Smoking and Pregnancy

Thursday, December 23, 2010

Smoking during pregnancy can harm the health of both a woman and her unborn baby. Experts estimate that at least 10 percent of women in the United States smoke during pregnancy. Dr. Edward Hill discusses some of the dangers in todays 60 Second Housecall.

Dr. Hill:

Smoking cigarettes causes many health problems, including cancers, heart disease and lung disease. When a pregnant woman smokes, she puts herself and her baby at risk.

Because the fetus is in contact with the mothers bloodstream, any chemicals the mother breathes or ingests can affect the fetus. This includes tobacco smoke coming from the mothers smoking or inhaling smoke in the environment.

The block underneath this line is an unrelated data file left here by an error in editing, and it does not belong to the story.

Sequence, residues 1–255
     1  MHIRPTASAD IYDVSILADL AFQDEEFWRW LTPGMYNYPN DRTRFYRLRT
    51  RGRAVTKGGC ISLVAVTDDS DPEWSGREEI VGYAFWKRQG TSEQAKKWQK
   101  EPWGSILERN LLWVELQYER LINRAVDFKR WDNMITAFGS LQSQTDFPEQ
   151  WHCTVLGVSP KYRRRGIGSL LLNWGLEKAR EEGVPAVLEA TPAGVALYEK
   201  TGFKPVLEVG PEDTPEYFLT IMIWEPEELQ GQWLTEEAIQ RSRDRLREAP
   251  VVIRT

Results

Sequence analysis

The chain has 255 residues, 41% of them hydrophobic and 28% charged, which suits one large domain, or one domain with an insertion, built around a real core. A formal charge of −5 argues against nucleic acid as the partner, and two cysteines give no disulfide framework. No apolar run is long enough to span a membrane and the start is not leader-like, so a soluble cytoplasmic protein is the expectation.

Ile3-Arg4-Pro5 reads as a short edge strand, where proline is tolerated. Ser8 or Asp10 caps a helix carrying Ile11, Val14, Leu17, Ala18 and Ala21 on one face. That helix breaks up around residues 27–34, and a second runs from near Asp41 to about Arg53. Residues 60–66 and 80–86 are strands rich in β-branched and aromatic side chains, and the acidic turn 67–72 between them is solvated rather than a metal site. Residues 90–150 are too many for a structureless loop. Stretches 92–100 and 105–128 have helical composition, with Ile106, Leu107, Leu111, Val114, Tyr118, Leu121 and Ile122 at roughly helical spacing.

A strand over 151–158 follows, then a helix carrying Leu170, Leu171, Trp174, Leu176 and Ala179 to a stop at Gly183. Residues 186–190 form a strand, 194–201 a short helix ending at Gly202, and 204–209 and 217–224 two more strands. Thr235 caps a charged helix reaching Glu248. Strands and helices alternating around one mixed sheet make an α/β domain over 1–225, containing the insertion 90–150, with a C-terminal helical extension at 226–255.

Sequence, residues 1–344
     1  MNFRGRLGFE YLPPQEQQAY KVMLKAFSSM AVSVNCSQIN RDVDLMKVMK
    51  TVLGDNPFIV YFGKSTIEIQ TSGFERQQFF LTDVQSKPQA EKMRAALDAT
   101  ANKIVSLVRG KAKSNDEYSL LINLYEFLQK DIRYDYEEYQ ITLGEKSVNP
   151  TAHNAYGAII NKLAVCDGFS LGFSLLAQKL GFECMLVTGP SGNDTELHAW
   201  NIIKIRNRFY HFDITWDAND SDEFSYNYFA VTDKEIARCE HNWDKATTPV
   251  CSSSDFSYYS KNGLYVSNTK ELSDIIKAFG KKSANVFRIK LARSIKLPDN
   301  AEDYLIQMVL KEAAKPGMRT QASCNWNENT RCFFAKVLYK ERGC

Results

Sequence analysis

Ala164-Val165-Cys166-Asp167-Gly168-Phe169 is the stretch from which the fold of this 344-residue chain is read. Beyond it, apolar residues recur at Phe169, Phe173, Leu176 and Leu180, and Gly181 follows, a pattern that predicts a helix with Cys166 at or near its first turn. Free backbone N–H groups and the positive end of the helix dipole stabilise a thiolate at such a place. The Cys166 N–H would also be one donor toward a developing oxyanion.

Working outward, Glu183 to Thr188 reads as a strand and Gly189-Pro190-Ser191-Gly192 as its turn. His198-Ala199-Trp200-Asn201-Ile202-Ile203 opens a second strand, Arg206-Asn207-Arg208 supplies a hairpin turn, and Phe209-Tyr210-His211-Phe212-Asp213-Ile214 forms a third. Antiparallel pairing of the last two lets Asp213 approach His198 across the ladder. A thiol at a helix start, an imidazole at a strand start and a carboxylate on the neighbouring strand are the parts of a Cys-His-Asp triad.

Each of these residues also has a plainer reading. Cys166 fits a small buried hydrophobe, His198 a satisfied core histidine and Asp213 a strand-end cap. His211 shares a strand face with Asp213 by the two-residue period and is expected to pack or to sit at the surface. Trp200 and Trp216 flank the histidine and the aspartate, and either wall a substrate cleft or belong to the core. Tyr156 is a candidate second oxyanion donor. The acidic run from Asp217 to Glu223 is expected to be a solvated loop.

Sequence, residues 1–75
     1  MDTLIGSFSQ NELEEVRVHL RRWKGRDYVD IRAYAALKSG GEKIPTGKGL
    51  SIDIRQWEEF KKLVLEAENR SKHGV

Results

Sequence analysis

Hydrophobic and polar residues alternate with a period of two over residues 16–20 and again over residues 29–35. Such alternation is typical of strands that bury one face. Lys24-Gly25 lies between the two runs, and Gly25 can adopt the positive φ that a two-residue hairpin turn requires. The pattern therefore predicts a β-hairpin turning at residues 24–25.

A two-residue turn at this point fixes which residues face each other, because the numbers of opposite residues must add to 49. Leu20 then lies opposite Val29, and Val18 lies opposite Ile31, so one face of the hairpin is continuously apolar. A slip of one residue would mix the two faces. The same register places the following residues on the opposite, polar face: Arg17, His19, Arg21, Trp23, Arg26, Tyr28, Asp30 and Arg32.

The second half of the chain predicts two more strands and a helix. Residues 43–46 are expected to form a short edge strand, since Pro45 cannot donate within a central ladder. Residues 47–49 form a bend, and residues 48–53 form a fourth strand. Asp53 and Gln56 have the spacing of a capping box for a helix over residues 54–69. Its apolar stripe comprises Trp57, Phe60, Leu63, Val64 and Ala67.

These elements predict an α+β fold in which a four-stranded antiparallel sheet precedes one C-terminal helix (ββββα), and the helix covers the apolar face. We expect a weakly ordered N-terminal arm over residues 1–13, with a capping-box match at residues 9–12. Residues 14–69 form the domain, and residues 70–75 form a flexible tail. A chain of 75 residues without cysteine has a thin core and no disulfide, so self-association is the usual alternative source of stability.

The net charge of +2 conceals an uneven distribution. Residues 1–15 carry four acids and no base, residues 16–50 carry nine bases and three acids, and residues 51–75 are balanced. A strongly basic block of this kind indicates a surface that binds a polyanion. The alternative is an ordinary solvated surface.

Pregnancy complications associated with smoking include:

Low birth weight

Intrauterine growth delay

Preterm labor

Premature rupture of membranes, which may lead to preterm delivery or an infection affecting the baby

Increased rates of stillbirths, miscarriages and ectopic pregnancy

There are steps you can take to help prevent birth defects:

Do not smoke. If you do smoke, quit before planning a pregnancy.

Take a folic acid supplement.

Do not use illegal drugs.

Do not drink alcohol during pregnancy.

Control chronic medical problems, like diabetes and high blood pressure.

Poor control of these conditions can adversely affect the fetus.

For North Mississippi Medical Center, Im Dr. Edward Hill.